John Keats, selected poems Contents
- Bright Star! Would I were steadfast as thou
- The Eve of St Agnes
- ‘Hush, hush! tread softly! hush, hush, my dear!’
- Isabella: or The Pot of Basil
- La Belle Dame Sans Merci
- Lines to Fanny (‘What can I do to drive away’)
- O Solitude, if I must with thee dwell
- Ode on a Grecian Urn
- Ode on Indolence
- Ode to a Nightingale
- Ode to Autumn
- Ode to Melancholy
- Ode to Psyche
- On First Looking Into Chapman’s Homer
- On Seeing the Elgin Marbles
- On the Sea
- Sleep and Poetry
- Time’s sea hath been five years at its slow ebb
- To Ailsa Rock
- To Leigh Hunt
- To Mrs Reynolds’s Cat
- To My Brothers
- To Sleep
- When I have fears that I may cease to be
To Sleep: Synopsis and Commentary
Synopsis of To Sleep
The poem’s speaker apostrophises a personified Sleep, describing it as the soft and benign provider of ‘forgetfulness’ for the troubled human spirit. The speaker calls on Sleep to end his wakefulness, otherwise he will be disturbed by thoughts of the day that has passed and his own examination of his conscience, which throw up unhelpful memories like a molehill. Instead, the speaker asks Sleep to lock up the ‘casket of my soul’.
Commentary on To Sleep
In a letter (dated May 1819) to his brother George and his wife, Keats commented:
I have been endeavouring to discover a better sonnet stanza than we have. The legitimate [Petrarchan sonnet] does not suit the language over-well from the pouncing rhymes – the other kind [the Shakespearean] appears too elegiac – and the couplet at the end of it seldom has a pleasing effect – I do not pretend to have succeeded – it will explain itself…
We can see Keats experimenting with form in this sonnet.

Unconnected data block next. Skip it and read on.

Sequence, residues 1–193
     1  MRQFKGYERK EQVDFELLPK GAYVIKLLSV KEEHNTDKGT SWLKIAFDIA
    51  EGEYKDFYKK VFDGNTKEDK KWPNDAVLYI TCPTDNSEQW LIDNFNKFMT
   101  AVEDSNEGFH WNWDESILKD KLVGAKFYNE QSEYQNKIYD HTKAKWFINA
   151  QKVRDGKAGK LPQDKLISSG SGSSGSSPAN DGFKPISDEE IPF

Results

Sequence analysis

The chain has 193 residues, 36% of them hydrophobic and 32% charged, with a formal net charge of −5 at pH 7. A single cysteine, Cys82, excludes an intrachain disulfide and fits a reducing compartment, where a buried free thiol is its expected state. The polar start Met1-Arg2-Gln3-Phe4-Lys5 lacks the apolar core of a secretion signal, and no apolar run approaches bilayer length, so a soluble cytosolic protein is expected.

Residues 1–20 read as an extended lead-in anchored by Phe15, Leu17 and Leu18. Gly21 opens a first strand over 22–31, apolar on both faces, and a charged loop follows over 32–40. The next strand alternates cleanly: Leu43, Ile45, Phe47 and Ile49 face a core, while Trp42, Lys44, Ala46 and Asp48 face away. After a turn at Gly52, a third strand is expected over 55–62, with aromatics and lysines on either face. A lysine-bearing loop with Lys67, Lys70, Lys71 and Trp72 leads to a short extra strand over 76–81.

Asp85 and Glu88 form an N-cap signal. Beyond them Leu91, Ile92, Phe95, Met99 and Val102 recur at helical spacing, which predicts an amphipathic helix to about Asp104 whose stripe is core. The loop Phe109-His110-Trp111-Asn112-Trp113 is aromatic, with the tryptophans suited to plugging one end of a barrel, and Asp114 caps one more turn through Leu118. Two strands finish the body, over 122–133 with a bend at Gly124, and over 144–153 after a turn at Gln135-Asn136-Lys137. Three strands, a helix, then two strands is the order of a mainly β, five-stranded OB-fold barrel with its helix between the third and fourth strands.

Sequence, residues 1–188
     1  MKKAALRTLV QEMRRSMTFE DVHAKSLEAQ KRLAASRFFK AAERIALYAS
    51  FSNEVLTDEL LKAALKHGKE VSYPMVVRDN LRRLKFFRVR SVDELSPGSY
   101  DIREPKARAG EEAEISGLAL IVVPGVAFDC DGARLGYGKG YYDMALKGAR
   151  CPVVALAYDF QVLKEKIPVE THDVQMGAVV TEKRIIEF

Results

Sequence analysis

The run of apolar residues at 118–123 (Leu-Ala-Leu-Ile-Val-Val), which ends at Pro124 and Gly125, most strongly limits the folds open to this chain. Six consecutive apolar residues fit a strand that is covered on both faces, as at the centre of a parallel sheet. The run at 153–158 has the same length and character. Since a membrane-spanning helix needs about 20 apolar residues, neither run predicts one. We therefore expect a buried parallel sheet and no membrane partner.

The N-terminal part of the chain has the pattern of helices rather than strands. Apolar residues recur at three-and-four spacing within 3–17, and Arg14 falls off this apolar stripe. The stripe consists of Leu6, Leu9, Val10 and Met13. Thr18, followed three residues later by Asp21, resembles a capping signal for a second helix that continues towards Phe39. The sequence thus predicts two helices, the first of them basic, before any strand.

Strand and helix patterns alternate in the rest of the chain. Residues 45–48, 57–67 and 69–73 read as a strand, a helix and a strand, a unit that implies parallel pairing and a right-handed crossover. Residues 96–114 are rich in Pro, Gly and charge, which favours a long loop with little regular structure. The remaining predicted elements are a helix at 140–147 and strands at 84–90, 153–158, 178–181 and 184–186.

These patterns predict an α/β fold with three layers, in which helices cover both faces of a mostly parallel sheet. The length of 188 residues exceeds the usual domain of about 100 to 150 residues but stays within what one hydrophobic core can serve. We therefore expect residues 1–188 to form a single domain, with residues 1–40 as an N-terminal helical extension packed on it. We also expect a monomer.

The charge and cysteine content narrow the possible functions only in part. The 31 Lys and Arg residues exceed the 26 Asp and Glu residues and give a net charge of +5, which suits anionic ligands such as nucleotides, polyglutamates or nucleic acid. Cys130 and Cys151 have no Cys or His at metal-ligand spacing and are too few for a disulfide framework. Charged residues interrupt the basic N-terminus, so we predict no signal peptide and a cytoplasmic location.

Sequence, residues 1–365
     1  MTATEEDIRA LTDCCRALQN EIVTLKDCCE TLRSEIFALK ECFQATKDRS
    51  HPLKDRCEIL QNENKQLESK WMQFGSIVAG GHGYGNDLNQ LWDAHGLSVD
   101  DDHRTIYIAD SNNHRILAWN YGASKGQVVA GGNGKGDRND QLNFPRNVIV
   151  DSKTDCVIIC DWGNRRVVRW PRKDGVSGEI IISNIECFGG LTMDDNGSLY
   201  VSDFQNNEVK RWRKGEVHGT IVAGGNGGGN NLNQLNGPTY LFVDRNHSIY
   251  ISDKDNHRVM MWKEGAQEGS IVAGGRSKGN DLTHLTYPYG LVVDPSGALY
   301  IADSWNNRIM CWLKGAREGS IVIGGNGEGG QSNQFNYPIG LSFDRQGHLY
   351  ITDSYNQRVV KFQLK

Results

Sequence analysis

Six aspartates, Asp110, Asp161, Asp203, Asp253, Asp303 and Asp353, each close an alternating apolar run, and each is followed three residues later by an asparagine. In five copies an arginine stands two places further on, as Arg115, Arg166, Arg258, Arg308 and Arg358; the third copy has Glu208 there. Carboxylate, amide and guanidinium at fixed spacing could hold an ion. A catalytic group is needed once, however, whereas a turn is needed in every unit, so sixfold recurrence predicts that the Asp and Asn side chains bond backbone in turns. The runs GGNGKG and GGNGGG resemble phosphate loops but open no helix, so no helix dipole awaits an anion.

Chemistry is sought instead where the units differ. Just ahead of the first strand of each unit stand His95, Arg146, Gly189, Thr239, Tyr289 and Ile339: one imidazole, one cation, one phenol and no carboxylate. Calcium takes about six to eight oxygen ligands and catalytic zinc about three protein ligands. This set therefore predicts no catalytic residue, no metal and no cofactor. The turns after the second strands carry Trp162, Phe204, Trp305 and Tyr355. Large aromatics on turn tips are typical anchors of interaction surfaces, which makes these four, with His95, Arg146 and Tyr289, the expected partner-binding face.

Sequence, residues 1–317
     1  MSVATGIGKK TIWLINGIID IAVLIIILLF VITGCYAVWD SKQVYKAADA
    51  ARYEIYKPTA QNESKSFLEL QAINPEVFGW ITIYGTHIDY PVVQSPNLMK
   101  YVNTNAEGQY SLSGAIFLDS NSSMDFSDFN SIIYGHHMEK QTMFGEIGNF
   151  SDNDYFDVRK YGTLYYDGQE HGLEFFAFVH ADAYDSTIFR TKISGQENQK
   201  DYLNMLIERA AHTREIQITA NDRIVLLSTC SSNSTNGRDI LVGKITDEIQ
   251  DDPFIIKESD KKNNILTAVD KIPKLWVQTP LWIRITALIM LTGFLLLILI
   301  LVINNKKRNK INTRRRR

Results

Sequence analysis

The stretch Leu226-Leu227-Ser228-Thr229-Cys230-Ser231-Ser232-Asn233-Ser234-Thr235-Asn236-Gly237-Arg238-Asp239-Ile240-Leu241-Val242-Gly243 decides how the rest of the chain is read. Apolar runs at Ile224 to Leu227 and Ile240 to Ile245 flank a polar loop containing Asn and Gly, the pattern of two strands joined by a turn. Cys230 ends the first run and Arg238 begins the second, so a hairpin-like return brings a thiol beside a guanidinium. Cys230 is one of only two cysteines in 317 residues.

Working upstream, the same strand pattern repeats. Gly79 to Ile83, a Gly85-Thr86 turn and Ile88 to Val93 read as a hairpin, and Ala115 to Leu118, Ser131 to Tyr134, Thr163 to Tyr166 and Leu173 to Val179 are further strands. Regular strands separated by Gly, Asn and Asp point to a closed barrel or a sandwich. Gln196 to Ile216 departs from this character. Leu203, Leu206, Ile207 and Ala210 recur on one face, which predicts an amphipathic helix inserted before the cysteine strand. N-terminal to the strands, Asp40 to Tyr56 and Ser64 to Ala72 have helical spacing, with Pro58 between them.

embalmer: To embalm means to preserve a corpse from decay, originally with spices and subsequently by injecting a preservative into the corpse’s arteries. Here the word means more generally someone who prepares a body for a funeral (including shutting its eyes).
embowered: surrounded or sheltered, especially with trees or climbing plants
soothest: Invented by Keats, this term means ‘most soothing’ but its sound also helps to convey a sense of ‘smoothness’.
poppy: The medically trained Keats would be familiar with opiates produced by the opium poppy which were used to reduce pain or induce sleep.
wards: the ridges or bars in a lock
casket: a small ornamental box or chest for holding jewels or other valued objects.
Investigating commentary on To Sleep
- What particular benefits does the speaker attribute to Sleep?
- What does this suggest about the speaker’s state of mind?
1. A turning aside to address someone directly in a poem. 2. The sign ( ' ) used to indicate the omission of one or more letters or to denote possession in a noun.
Represented or imagined as a person.
A sonnet is a poem with a special structure. It has fourteen lines, which are organised in a particular manner, usually characterised by the pattern of rhyming, which changes as the ideas in the poem evolve.
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